Higher Education Systems and Institutions: Russia
Russia (Russian Federation) has the largest territory in the world and extends over 11 time zones. As a federal state, Russia has 85 regions. Over 146 million people (FSSS 2016) are unevenly distributed throughout the country. About 77% of the population lives in the more urbanized European part of the country, whereas the Asian part of the country occupies more than 76% of the total area. The youth population is declining. Although there are around 180 different ethnic groups in Russia, most of the populations (78%) are ethnic Russians (Statdata 2017).
The Russian economy is based heavily on natural resources. As of 2015, it was the 13th largest economy in the world by nominal GDP (World Bank 2017a) and the sixth largest by purchasing power parity (World Bank 2017b).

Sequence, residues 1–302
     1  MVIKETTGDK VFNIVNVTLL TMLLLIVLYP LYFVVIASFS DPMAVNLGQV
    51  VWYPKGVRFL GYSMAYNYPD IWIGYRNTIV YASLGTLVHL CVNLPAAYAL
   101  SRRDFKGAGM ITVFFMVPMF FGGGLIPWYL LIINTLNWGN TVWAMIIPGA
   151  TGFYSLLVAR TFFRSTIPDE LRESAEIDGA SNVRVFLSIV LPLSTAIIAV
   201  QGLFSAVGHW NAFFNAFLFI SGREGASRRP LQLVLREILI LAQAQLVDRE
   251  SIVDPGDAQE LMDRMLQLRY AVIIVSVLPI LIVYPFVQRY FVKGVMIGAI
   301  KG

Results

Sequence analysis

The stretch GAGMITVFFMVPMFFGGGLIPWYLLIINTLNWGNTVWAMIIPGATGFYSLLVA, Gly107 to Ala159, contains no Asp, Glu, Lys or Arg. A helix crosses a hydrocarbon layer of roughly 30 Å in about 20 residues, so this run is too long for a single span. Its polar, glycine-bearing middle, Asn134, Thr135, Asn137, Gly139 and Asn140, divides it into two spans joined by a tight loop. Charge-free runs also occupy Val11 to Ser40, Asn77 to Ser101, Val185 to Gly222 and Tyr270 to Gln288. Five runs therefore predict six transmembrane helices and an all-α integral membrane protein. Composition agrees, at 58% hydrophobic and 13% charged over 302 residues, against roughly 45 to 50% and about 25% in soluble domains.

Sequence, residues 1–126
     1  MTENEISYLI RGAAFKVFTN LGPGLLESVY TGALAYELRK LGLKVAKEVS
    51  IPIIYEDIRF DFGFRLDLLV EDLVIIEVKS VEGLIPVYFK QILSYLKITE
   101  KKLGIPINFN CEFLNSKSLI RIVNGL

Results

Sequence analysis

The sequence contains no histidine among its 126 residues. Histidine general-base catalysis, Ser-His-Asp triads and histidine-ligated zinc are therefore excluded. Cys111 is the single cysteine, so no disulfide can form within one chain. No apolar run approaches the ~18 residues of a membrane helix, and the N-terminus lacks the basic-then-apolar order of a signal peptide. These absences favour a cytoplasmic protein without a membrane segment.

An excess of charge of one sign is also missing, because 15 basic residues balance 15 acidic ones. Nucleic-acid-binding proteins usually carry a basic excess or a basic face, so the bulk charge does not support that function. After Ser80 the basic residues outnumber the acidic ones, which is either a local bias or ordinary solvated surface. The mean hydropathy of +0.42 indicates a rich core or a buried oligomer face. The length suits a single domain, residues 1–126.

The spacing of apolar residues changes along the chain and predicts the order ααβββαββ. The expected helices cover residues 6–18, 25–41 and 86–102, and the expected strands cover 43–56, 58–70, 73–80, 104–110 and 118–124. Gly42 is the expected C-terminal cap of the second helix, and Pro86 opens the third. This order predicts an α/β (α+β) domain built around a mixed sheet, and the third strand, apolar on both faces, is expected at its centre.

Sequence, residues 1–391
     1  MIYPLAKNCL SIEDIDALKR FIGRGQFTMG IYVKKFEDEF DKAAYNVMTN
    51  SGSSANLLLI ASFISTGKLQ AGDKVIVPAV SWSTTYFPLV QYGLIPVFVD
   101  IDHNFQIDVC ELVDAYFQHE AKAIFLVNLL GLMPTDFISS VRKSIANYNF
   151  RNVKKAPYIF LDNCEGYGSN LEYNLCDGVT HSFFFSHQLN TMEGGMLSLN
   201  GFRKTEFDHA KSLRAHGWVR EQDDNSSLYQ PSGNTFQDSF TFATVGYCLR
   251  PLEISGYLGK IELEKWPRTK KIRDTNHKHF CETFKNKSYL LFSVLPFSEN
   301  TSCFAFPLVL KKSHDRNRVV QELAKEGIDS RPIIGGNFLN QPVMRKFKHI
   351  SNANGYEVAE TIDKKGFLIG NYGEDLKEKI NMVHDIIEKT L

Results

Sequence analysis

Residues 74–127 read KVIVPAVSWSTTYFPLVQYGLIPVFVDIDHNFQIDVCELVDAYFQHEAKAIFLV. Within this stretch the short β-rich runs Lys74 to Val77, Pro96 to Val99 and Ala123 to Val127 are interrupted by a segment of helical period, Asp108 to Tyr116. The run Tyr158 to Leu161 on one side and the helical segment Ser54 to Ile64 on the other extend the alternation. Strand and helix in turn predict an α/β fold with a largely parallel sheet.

The Constitution of the Russian Federation guarantees the right to free higher education on a competitive basis for those obtaining it for the first time. General and vocational education is free and available to all.
The social and economic landscape has been rapidly changing in Russia during the last quarter of a century. After the collapse of the USSR in 1991, Russia experienced many changes, including: • The movement to an electoral democracy and a market economy • The rejection of a planned human resources policy relating to the main economic sectors • The decline or elimination of a number of key industries (OECD 2007)